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10 Fun Facts About Sweet Potatoes

Colleen Wachob
Author: Medical reviewer:
Updated on January 28, 2020
Colleen Wachob
mbg Co-Founder & Co-CEO
By Colleen Wachob
mbg Co-Founder & Co-CEO
Colleen Wachob is Co-Founder and Co-CEO at mindbodygreen.
Heather Moday, M.D.
Medical review by
Heather Moday, M.D.
Allergist & Immunologist
Heather Moday, M.D. is the founder of the Moday Center for Functional and Integrative Medicine in Philadelphia, where she practices both traditional medicine and integrative medicine.
January 28, 2020

While kale is queen of the vegetable superfoods (how did you celebrate National Kale Day?), the sweet potato may be the most royal root at the Greenmarket. I love to load up on them as we transition into the cooler months, especially because they pair well with warming spices, like allspice and cinnamon.

Below are 10 things to know about these rockstar roots. Some of the information is from Deborah’s Madison’s latest, amazing book Vegetable Literacy, which I highly recommend if you're looking to navigate the differences between mustard and mizuna cabbage, or want suggestions with what to do with the rhubarb in your CSA (besides my default of just throwing it in the juicer).

1. Sweet potatoes and yams are not the same thing!

They're botanically two different vegetables, even though the supermarket may use them interchangeably.

2. Sweet potatoes make great kitchen décor on your counter.

No need to put sweet potatoes in your refrigerator! Madison advises you store them in a basket until ready to eat. Then you can "scrub them just before cooking and be sure to enjoy the skins.”

3. Sweet potato smoothies may be the perfect, energizing afternoon snack.

Add a healthy fat (I use almond butter, but avocado will also work), your favorite milk, ginger, and cinnamon to 1 cup of cubed sweet potatoes and 2 to 3 carrots. Blend. Add some of your favorite warming spices like nutmeg or allspice. Blend in some dates if you want more sweetness.

4. They deliver so much more than beta-carotene.

These orange-fleshed potatoes are known to be a great source of beta-carotene. But they also deliver good sources of “vitamin A, a good source of vitamin C, and are full of manganese, calcium, potassium, iron, vitamin B6 and fiber,” explains Madison.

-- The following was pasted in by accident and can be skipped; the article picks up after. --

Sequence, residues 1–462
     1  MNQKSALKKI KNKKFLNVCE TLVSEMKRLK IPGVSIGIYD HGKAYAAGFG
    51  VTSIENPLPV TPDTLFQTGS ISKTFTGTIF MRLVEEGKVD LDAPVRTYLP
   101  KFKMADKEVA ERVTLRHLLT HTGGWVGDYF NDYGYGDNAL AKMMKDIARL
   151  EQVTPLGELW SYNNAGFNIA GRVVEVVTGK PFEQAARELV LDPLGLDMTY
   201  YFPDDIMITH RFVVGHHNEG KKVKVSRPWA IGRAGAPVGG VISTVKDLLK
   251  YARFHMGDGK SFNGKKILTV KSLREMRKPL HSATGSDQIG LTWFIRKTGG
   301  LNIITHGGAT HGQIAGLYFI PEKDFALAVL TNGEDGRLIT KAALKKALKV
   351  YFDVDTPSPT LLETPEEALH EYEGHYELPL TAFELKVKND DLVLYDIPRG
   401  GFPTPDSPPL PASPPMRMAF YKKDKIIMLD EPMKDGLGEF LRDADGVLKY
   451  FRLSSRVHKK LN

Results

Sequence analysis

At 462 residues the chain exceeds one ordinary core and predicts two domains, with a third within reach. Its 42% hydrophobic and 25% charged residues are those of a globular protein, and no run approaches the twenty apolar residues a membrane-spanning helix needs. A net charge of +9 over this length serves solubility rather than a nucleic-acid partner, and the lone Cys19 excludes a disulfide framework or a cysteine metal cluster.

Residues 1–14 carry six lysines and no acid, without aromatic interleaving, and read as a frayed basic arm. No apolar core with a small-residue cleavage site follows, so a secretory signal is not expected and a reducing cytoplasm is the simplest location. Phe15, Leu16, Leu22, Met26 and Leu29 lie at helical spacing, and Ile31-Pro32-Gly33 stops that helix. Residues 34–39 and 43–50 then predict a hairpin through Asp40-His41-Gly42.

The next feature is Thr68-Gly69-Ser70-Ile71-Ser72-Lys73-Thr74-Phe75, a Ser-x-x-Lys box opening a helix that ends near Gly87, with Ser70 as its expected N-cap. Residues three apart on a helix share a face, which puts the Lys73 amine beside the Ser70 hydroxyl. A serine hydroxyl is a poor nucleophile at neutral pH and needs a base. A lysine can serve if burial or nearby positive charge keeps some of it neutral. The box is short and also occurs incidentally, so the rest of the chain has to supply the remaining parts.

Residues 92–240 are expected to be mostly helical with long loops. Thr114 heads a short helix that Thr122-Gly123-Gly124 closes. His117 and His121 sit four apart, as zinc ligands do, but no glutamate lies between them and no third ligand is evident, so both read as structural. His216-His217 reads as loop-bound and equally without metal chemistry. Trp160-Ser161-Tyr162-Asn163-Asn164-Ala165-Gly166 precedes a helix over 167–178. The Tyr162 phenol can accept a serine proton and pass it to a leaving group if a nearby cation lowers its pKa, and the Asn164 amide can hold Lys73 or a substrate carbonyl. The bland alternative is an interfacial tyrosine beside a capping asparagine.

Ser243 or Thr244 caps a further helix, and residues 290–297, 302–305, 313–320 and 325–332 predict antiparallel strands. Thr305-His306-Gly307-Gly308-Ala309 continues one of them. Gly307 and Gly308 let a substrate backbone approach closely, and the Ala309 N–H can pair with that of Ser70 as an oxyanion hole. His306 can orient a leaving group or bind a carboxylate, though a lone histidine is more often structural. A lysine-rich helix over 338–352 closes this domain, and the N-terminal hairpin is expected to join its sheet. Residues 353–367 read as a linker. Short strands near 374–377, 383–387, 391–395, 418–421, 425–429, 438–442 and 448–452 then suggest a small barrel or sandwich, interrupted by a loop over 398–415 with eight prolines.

Sounds good? It gets better: the sweet potato has a lower glycemic index than the potato.

5. They made the A-List.

Sweet Potatoes made the Clean 15, which means your potential exposure to toxins is lower than with other conventionally grown produce. (I still always try to buy organic when it’s an option.)

6. The jewel yam sweet potato is by far the most popular variety.

While the jewel represents more than 75% of the commercially grown options, there are other sweet potato options out there, including Garnet (also not a yam), Diana, and Beauregard. Some popular firm sweet potato varieties include Kotobuki, Hannah, Okinawan, Yellow Jersey, and Boniato. Madison writes that Kotobuki tastes more “like chestnuts than candy” (sign me up!) and Boniato is “the least sweet of the sweet potatoes.”

7. You can eat the whole plant.

Just as you'd never throw away a lemon without using the zest (or is that just me?), you can also enjoy more than just the tubers. Madison explains that you can eat the leaves, shoots and stems, which “are similar to Malabar spinach, very nutritious.”

Now to try to find tubers with the leaves, shoots, and stems….CSA?

8. Sweet potatoes play well with others.

They pair well with your existing pantry staples. Madison recommends everything from sesame oil, ginger, cardamom, chile, coconut mylk, cilantro, coriander, allspice, cinnamon, sesame seeds, lime, oranges, tangerines, maple syrup, smoked salt, white miso, rosemary and thyme.

9. Sweet potato wedge fries are a tasty take on truffle fries. (And way healthier than those “Satisfries!")

Here’s how I make mine:

One small sweet potato = 8 wedge fries

You can use as many as you like!

  • Pre-heat the oven to 400 degrees.
  • Brush a baking pan with some grapeseed oil.
  • Wash and scrub the sweet potatoes.
  • Cut the sweet potatoes in half.
  • Repeat twice more so that you are left with around eight long wedges.

You can cut them once more if you want them a little thinner. Sprinkle with sea salt and roast in the oven for 25 minutes. Taste to make sure they are tender; remove from oven, and let cool. Then drizzle some organic truffle oil on each wedge. The Da Rosario organic truffle oil is a delicious, decadent splurge.

10. Sweet Potatoes + Chickpea miso may help with your digestion.

One of my favorite fermented foods is soy-free chickpea miso. Here’s my favorite way to prepare it.

  • Cook 2 to 3 sweet potatoes for 20 to 25 minutes.
  • Once the sweet potatos are tender, mash them together.
  • To make the sauce, combine ¼ cup of olive oil, to 1 heaping tablespoon of chickpea miso, 1 tablespoon of white wine vinegar, juice of 1 lime (and its zest), and ½ an inch of grated ginger.
  • Mix together to create a paste and then mix them into the smashed sweet potatoes. Add some of your favorite super foods like chopped cilantro or black sesame seeds for an extra superfood kick.

And if you want to learn more about sweet potatoes or other treats, Vegetable Literacy is the book for you. Check it out!

Colleen Wachob author page.
Colleen Wachob
mbg Co-Founder & Co-CEO

Colleen Wachob is Co-Founder and Co-CEO at mindbodygreen. She graduated from Stanford University with degrees in international relations and Spanish, and spent 10 years working at Fortune 500 companies including Gap, Walmart, and Amazon. Wachob lives in Miami, Florida with her husband, mbg Founder and Co-CEO Jason Wachob and their two daughters, Ellie and Grace. Her first book, which is co-authored with mindbodygreen Founder Jason Wachob, The Joy of Well-Being, is being released on May 23, 2023.